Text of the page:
Effects of Daytime Eszopiclone Administration in Shift Workers

Overview

The purpose of this study is to test the effects of eszopiclone on daytime sleep and overnight wakefulness in shift workers.

Full Title of Study: “Effects of Daytime Eszopiclone Administration in Shift Workers on Overnight Wakefulness During a Subsequent Simulated Nightshift”

Study Type

  • Study Type: Interventional
  • Study Design
    • Allocation: Randomized
    • Intervention Model: Crossover Assignment
    • Primary Purpose: Treatment
    • Masking: Double (Participant, Investigator)
  • Study Primary Completion Date: January 2010

Detailed Description

The current study seeks to extend the currently available treatments for SWSD by addressing the putative root cause of the problem-the inability of night-shift workers with or without SWSD- to obtain adequate daytime sleep in the face of the circadian drive for alertness that increases across the biological day. Even healthy, young subjects who are sleep-deprived overnight exhibit daytime sleep marked by frequent awakenings and low sleep efficiency, less slow-wave sleep, and altered sleep architecture, e.g. earlier predominance of REM sleep. Many night-workers routinely report 3-6 hours of habitual sleep duration for daytime sleep. Pharmacological interventions to decrease awakenings and improve total sleep time during daytime sleep could improve subsequent alertness during a night shift. Improving the wakefulness of night-shift workers over the nighttime could result in substantial benefits for the individual workers, improve workplace productivity and safety, and improve public health.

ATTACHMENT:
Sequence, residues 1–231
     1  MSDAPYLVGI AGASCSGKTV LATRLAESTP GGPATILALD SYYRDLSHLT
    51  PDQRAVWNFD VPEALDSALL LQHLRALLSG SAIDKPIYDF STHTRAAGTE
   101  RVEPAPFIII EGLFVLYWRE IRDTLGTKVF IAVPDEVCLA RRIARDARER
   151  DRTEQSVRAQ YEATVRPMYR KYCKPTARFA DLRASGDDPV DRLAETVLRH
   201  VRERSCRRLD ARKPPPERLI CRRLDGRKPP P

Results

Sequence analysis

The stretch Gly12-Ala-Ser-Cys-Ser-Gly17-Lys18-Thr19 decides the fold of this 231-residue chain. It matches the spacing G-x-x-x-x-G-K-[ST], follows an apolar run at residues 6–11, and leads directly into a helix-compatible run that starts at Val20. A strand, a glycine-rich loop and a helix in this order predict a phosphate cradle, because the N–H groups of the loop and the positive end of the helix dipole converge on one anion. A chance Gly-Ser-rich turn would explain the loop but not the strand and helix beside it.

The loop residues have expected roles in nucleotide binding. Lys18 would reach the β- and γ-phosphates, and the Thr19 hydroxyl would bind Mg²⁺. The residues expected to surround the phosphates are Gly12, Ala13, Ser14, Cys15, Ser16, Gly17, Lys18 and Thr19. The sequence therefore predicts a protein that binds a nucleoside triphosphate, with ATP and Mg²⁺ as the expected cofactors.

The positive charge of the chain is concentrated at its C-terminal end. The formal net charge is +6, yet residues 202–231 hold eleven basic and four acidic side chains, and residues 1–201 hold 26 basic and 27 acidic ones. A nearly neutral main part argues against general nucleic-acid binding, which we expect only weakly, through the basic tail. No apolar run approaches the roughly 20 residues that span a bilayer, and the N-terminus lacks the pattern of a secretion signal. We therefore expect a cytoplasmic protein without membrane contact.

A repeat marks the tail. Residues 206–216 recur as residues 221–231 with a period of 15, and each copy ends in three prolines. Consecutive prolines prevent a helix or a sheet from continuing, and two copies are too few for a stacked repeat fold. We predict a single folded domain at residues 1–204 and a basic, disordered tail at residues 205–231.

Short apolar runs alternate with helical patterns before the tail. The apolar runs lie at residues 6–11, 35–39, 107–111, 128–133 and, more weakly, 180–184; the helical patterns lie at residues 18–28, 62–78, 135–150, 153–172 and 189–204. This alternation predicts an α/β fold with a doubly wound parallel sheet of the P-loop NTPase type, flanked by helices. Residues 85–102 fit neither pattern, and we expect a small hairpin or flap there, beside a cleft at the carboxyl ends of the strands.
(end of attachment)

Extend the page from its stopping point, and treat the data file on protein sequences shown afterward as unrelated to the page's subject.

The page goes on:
Interventions

  • Drug: eszopiclone
    • 3mg eszopiclone prior to daytime sleep for 3 days (at home) and 1 day (in lab)
  • Drug: matching placebo
    • matching placebo prior to daytime sleep for 3 days (at home) and 1 day (in lab)

Arms, Groups and Cohorts

  • Experimental: eszopiclone
    • Treatment with eszopiclone
  • Placebo Comparator: matching placebo
    • Treatment with matching placebo

Clinical Trial Outcome Measures

Primary Measures